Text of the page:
In this opinion piece, Joel Beckerman makes the case for why and how sonic tech will be a key to arresting the spread of viruses and disease in everyday consumer experiences

In a post-COVID world, we’re now keenly aware of how many doors we’ve touched, screens we’ve tapped and buttons we’ve pushed. Over the past few weeks, it has occurred to me dozens of times that an action I’ve taken with my hand—to push or press or swipe—could have been cued auditorily, eliminating the need for contact. It’s clear we are in a tactile-first world.

Why Do We Still Underestimate the Power of Sound?

I believe sound may be the most under-leveraged, under-utilized opportunity in products and spaces for three reasons:

It's likely the most effective single way to change behavior and help design loved experiences that make people long for more.

It may be the least expensive way to make consumers feel good about your brand in an instant, and want to linger or return.

It helps companies design more intuitive experiences to the betterment of guests and employees.

Product and customer experience designers are beginning to realize more and more that the most powerful tech interfaces are ones that are so intuitive, they almost disappear seamlessly into the background of our awareness—because they emulate so well how people already interact in the world. Think of the Apple iPhone ‘sent mail' sound. The ‘touch’ makes sense and the ‘sound’ sounds like what it should like: a plane taking off and zipping your email across the world. No one had to teach you what that sound means. It’s intuitive. Now, we listen for the hum of that plane to signal that our email has, in fact, been sent. Without it, we question.

Sound-first design approach also creates incredible opportunities for cleaner and fewer tactile interactions, fostering environments that are more hygienic, safe and instantaneous. Here are a few powerful potential applications:

Pushing Customer Service Away from Dirty Counters and into the Grocery Aisle
On an empty grocery store shelf, basic voice technology would allow you to request a stockist bring more of the desired product from the back room or alert you that it is out of stock. No need to rummage through dirty shelves that haven't been cleaned in who knows how long. Sound may also tell you when the product is expected back in stock, eliminating the need for crowding around a customer service hub and repeated, unnecessary store visits.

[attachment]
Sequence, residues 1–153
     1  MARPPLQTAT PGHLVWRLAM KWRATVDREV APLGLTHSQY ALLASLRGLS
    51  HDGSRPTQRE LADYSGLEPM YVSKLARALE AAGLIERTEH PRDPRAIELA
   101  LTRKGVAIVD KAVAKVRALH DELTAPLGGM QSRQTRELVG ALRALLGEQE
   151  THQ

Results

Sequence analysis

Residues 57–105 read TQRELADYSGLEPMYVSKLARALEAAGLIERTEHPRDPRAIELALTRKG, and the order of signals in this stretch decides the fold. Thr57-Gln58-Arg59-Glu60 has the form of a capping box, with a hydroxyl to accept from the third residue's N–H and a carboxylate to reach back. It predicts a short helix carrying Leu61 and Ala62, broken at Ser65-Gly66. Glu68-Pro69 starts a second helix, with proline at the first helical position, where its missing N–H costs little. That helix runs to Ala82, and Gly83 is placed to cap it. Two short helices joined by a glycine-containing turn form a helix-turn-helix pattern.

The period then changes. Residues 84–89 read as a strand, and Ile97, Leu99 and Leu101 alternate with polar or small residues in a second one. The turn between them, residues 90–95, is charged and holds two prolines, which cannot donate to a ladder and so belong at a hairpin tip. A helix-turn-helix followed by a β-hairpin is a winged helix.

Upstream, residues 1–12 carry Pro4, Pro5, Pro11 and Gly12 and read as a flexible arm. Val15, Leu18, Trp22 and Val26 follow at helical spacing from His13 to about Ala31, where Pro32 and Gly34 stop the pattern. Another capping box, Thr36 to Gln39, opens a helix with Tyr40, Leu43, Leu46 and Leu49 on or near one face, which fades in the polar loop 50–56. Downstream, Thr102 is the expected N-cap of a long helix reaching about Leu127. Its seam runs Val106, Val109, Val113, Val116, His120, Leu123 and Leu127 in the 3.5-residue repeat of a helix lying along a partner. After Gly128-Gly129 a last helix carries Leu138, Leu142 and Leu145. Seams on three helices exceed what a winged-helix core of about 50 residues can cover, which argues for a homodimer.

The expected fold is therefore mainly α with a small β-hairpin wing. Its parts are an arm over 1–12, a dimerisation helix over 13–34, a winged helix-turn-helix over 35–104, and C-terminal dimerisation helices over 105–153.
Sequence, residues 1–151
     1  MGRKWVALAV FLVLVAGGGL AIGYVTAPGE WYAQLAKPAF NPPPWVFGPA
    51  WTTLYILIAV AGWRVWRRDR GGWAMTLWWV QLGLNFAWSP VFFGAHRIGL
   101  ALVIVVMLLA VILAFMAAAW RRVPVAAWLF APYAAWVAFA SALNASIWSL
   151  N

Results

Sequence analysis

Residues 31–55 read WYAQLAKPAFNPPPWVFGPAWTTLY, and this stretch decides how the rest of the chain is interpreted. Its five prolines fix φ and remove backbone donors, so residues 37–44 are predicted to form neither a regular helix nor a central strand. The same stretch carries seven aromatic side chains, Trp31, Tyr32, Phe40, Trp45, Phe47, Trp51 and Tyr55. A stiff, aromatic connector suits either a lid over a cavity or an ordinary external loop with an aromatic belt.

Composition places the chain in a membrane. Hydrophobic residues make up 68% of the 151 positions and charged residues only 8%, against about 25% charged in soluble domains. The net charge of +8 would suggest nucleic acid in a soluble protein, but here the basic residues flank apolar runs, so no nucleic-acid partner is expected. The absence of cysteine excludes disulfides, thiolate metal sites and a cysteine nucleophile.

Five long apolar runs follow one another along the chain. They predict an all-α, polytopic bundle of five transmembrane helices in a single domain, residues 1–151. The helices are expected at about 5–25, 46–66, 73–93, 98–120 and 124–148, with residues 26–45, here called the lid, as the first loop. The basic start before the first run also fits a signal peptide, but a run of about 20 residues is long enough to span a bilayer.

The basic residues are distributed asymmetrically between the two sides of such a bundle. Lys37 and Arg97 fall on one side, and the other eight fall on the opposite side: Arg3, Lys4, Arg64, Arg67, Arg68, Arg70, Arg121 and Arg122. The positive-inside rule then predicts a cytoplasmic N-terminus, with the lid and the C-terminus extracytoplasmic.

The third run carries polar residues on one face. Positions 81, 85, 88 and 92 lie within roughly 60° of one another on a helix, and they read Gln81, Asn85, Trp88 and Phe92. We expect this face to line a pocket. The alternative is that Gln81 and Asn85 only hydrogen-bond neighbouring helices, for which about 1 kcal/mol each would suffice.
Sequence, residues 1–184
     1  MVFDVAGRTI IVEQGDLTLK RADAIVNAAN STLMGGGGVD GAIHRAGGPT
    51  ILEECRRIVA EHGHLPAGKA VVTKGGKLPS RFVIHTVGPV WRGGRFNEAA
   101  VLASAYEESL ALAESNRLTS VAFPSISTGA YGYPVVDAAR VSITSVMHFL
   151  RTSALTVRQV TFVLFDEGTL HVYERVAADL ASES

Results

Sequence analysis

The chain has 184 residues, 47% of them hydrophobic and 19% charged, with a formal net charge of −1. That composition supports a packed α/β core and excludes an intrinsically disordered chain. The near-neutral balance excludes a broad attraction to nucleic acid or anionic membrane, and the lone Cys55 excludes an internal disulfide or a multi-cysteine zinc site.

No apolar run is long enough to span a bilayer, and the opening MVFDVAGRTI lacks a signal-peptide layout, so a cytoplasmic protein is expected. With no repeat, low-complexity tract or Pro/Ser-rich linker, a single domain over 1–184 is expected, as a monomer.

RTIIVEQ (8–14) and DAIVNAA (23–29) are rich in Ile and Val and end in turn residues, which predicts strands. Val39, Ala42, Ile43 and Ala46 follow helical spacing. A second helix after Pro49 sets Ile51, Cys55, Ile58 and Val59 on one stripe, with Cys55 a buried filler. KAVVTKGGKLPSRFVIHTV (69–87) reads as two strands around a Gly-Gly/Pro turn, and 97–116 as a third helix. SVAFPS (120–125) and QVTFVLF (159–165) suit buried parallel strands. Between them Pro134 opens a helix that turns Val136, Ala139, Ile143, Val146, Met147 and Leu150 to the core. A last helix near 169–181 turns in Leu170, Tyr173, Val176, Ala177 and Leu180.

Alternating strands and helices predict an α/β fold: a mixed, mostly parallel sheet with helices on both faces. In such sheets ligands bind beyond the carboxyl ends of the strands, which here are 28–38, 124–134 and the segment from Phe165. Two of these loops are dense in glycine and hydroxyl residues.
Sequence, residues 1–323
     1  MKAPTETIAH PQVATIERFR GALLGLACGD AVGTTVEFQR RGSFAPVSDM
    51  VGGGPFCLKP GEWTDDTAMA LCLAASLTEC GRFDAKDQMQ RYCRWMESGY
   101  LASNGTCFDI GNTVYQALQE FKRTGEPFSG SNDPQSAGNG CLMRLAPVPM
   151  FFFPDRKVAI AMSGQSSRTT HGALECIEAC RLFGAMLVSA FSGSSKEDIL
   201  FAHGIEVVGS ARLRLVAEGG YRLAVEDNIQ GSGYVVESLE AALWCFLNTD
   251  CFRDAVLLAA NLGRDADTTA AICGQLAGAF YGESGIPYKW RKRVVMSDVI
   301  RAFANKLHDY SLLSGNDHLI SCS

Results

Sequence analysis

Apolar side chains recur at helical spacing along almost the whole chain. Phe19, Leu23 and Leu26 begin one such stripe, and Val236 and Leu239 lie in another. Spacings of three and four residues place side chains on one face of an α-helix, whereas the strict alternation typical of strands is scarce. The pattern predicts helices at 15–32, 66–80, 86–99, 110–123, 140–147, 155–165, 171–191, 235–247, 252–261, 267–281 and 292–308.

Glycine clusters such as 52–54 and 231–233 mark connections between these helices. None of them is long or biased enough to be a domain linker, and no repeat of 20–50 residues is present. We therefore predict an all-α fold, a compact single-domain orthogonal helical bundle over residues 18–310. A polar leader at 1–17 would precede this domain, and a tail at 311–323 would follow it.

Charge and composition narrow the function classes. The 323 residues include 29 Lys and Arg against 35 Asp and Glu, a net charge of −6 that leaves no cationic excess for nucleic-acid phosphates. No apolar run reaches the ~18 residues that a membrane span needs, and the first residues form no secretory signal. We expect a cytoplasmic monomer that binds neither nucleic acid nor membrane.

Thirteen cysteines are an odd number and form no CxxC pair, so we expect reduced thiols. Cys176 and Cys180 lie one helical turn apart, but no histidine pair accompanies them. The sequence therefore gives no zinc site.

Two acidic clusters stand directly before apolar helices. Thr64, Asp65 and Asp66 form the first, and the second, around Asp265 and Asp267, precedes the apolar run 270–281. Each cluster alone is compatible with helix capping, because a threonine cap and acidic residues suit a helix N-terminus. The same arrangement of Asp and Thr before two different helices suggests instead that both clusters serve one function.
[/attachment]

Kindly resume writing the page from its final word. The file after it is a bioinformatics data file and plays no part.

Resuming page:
Even more ideally, sound would guide us through stores, helping us complete a shopping list faster by directing us to the most efficient route. For example, what if you could just say the word ‘recipe’ as you’re purchasing fish at the seafood counter, and instantly hear an idea on how to prepare your selection for your family, or stretch a meal a little further? What if you could ask for any item you need, no matter where you were in the store, and instantly have wayfinding tech—like floor lighting—guide you to that item or navigate you directly to what you need to cook a recipe? Or better yet, what if that request was routed directly to a store attendant, who could bring the item to you? 

Gamifying Airport Hand Washing
When entering an airplane terminal, a pleasing sound that ‘sounds’ like safety leads you to the hand sanitizer station. These stations could even be a sonic ‘game’ for the kids, changing the sound as you get closer and leading the way whether in a market, a mall or a playground. Make it fun! And then, later, the same friendly, fun sound reminds you to do the same after airport security or just before you’re about to choose your favorite produce.

Sonifying Subways and Stop Lights
Mass transit, museum interactions and even stoplights could be designed ‘sound-first’ to use an intuitive language of sound—sonic semiotics. From 100 yards away, you can tell there is a stop sign by its distinctive shape and color. You no longer need to see ‘STOP’ to understand its meaning. The same can be applied to sound. We can develop a universal understanding of what a sound ‘means’ without having to being told explicitly. When applied at intersections or in transit hubs, sonic wayfinding could prevent visitors from having to touch a walk button, an electronic map or even their cell phone. We all know that such screens carry a multitude of germs. There is no doubt that sound will be one of the key antidotes to arresting the spread of viruses and diseases.

A Symphony for Hospitals
Imagine a nurse walking past a patient room and listening to a ‘symphony of healthcare’—the sonification of complex data sets to help doctors instantly diagnose patient issues without the need to touch screens or even enter the room. The symphony would be purposeful combinations of sound outputs from a variety of medical devices, each having a musical element that lets a nurse know instantly whether that patient needs help, or if they can move on to the next room. As doctors and nurses move between patients less frequently without the need to be directly bedside, there would be fewer possibilities for viral and bacterial transmission from patient to patient.

Hand gestures and voice commands could become the standard for medical devices and physicians around the world. This would enable any physician to instantly operate any device in any hospital with movement and voice, and avoid inadvertent contamination inherent in touch interfaces.

Bottom line: Solutions like these can be harnessed with very little expense, enabling more hygienic experiences for both guests and employees across hospitals, stores, transportation hubs and many other spaces.

Joel Beckerman is an award-winning composer, producer, arranger and author, as well as the founder of Man Made Music, a global sonic studio.